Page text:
Author: Eric Weiner
Genre: Travel, Historical and Psychology.
*Before we begin: I originally wrote a draft review but it accidentally got deleted when my browser crashed! Hence I had to write the review once again and there was a sharp fall in quality because I rushed through it- a major blunder if there ever was one. My mate Andi Rain from Ukraine pointed out how I could better this review and so here is the edited version. Have a good day!
Eric Weiner doesn’t so much as quote the geniuses as he explores how their geographical location as well as the culture they were exposed to lead them on their path to greatness.
So which historical heavy weights can you expect?
If there is ever a time for name dropping that time is now:
Francis Galton (Statistician), Adam Smith (Wealth of the nations & Theory of moral sentiments), James Young Simpson (Anesthesia) , Shen Kuo (Magnetic Declination), Su Dongpo (Poet Emperor), David Humes (Philosopher), Albert Einstein (Theory of general relativity), Rabindranath Tagore (Gitanjali), Jagidish Chandra Bose (Plants can feel), Sigmund Freud (Freudian Psychoanalysis), Wolfgang Amadeus Mozart (Composer), Hadyn (Mozart’s mentor & famous for his ‘the creation’), Schulbert (Composer), Beethoven (Composer & also mentored by Hadyn), Ovid (Roman Poet), Darwin (Theory of evolution), Diogenes Laertus (Historian), Leonardo Da Vinci (Artist), Michelangelo (Sculptor & Artist), Ghiberti (Paradise’s doors), Brunelleschi (duomo’s roof), Veracchio (Da vinci’s mentor), Pericles (Governor of Athens), Apostasia (Public Speaker), Plato (Philosopher), Pletho (Neoplatonian), Socrates (Philosopher and Plato’s mentor), Van Gogh (Tormented Artist), Picasso (Artist), Protagoras (Sophist), Thucydides (General turned historian), Nannerl (Mozart’s sister), Dante Alighieri (Legendary Poet), to name but a few are discussed in the book along with how they became as universally acclaimed as they are now, quirks and all.
It doesn’t end there though, various theories such as Danilevsky’s law which states that a state must be independent and autonomous to give birth to a wave of intellectuals as well as other ideas such as Janusian thinking -which explores holding two opposite thoughts together and coming up with a third perspective.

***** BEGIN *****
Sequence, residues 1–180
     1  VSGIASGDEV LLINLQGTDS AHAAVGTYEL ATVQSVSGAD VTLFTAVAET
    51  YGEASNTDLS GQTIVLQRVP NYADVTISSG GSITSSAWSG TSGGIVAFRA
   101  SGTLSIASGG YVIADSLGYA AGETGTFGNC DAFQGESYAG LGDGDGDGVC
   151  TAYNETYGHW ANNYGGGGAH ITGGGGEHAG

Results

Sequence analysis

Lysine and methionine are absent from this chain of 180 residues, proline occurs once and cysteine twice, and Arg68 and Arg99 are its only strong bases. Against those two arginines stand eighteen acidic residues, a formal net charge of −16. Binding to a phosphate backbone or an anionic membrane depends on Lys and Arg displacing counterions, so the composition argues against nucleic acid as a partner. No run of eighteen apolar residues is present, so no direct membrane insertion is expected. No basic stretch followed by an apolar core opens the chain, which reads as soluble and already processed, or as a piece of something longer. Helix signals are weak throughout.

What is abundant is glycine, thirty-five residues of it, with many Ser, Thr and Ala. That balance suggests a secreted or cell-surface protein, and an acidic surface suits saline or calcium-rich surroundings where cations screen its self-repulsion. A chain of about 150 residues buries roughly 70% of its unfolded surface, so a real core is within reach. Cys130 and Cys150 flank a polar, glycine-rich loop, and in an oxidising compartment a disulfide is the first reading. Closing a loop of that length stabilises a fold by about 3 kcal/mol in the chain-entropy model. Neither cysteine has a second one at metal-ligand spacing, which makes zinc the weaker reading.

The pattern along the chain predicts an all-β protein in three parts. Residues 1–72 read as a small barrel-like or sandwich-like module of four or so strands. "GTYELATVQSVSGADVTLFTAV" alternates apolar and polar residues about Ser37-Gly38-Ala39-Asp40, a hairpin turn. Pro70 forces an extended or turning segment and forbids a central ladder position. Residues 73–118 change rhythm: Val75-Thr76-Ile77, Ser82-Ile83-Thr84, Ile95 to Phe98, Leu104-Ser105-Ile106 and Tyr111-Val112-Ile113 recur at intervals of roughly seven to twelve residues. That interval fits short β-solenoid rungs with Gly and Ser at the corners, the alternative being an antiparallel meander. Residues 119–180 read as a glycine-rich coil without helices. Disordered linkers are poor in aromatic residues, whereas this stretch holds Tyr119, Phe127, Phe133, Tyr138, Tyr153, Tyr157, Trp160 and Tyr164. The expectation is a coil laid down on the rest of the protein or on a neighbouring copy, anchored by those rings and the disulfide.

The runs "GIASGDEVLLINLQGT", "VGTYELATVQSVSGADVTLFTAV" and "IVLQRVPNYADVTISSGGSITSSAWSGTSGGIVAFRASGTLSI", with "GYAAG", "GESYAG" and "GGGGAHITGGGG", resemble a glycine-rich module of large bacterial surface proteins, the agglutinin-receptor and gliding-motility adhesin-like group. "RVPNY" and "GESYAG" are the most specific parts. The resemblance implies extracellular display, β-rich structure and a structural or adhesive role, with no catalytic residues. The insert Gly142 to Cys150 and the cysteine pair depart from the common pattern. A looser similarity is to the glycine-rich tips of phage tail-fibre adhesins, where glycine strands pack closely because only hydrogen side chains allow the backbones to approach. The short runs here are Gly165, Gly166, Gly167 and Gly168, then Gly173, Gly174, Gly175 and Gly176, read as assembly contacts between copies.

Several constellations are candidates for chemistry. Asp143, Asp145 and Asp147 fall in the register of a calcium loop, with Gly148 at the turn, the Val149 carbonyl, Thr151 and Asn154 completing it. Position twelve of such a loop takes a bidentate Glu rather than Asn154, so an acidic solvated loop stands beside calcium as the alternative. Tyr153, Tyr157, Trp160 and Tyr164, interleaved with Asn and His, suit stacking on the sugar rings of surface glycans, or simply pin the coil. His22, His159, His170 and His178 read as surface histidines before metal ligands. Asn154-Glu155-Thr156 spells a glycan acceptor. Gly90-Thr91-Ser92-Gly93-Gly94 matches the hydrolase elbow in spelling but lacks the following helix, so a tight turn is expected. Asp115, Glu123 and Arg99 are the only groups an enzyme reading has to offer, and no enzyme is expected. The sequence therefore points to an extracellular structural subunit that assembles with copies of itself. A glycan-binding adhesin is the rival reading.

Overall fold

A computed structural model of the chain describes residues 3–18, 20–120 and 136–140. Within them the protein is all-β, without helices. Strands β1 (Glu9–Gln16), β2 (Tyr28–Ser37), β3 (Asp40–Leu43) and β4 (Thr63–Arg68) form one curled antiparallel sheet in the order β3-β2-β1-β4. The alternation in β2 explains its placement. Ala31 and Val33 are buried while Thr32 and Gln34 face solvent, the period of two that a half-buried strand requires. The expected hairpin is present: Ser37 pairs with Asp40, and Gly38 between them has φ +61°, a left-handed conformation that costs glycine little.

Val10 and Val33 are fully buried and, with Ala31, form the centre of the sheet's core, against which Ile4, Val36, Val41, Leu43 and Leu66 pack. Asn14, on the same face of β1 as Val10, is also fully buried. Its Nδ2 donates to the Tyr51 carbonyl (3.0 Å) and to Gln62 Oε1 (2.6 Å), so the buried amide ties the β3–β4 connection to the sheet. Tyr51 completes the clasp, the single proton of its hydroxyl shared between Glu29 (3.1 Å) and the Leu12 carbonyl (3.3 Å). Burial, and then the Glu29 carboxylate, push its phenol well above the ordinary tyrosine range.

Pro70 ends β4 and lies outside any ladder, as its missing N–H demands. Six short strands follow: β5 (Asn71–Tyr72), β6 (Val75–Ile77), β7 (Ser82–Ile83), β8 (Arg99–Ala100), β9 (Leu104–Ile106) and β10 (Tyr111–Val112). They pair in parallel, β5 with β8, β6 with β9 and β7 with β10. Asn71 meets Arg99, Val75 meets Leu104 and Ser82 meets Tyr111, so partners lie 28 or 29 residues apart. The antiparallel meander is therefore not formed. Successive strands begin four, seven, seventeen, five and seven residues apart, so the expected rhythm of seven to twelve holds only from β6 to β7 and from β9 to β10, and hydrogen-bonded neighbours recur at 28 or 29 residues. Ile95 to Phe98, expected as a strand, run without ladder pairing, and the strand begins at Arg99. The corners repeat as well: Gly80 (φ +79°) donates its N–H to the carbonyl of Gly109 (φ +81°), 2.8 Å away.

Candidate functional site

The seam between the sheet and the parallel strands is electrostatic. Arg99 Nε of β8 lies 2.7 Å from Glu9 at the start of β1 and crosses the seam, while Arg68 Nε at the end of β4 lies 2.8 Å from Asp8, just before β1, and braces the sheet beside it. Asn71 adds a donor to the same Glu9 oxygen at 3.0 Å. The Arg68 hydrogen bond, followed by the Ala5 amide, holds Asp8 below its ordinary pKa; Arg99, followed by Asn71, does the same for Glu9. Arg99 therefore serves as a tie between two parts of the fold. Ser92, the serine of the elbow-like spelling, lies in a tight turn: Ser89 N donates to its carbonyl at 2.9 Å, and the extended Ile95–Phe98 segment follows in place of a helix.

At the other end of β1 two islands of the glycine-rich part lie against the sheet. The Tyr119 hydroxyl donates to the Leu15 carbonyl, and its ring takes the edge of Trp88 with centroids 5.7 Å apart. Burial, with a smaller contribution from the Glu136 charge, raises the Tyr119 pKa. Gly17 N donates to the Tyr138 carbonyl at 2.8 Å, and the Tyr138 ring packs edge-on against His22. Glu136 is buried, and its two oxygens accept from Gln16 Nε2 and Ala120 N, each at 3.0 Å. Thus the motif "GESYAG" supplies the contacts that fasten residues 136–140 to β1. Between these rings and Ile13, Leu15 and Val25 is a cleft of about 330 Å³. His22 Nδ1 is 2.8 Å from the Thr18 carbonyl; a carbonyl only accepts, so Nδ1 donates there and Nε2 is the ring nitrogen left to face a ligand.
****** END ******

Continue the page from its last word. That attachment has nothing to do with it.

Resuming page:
In the same vein, groupthink which deals with having the viewpoint of an individual changed to fit in with his or her peers, Dunning-Kruger effect where a person is incapable of understanding that they have not fully grasped a subject matter, theory of unintended consequences where one action leads to favorable accidents and by products- serendipity, bifurcation point of chaos theory where a person is made to choose between two things and can never turn back, the ability to make familiar concepts strange again so as to perceive something in greater depth and not be limited by parochialism which is to say a narrow outlook, among others concepts are brought to light.
By the same token, Jack Ma founder of Ali Baba makes a surprise appearance and discusses how exams went from being a tool for establishing meritocracy to a creativity snuffing system which leads to deadening effect and innovation gaps.
On the flip side, while these cities have rich cultural heritages, the artists and philosopher of today’s time have a lot to live up to and often find themselves shadow boxing with their predecessor’s ever looming legacy.
The book is replete with engaging content and invaluable information. Not only does it have all the makings of a splendid read but it also possesses the ingredients for a spicy and diverse experience which leaves the reader much more aware of other cultures than when he or she began reading the first page.
For Savant and the closet bibliophile alike, this book is worth the time, attention and discussion that will follow. Although it is not recommended that the reader chain this book to the reading desk like in the Medici era when the relative value of books could be equated to that of a modern car, it should be noted that The Geography Of Genius is worth treasuring.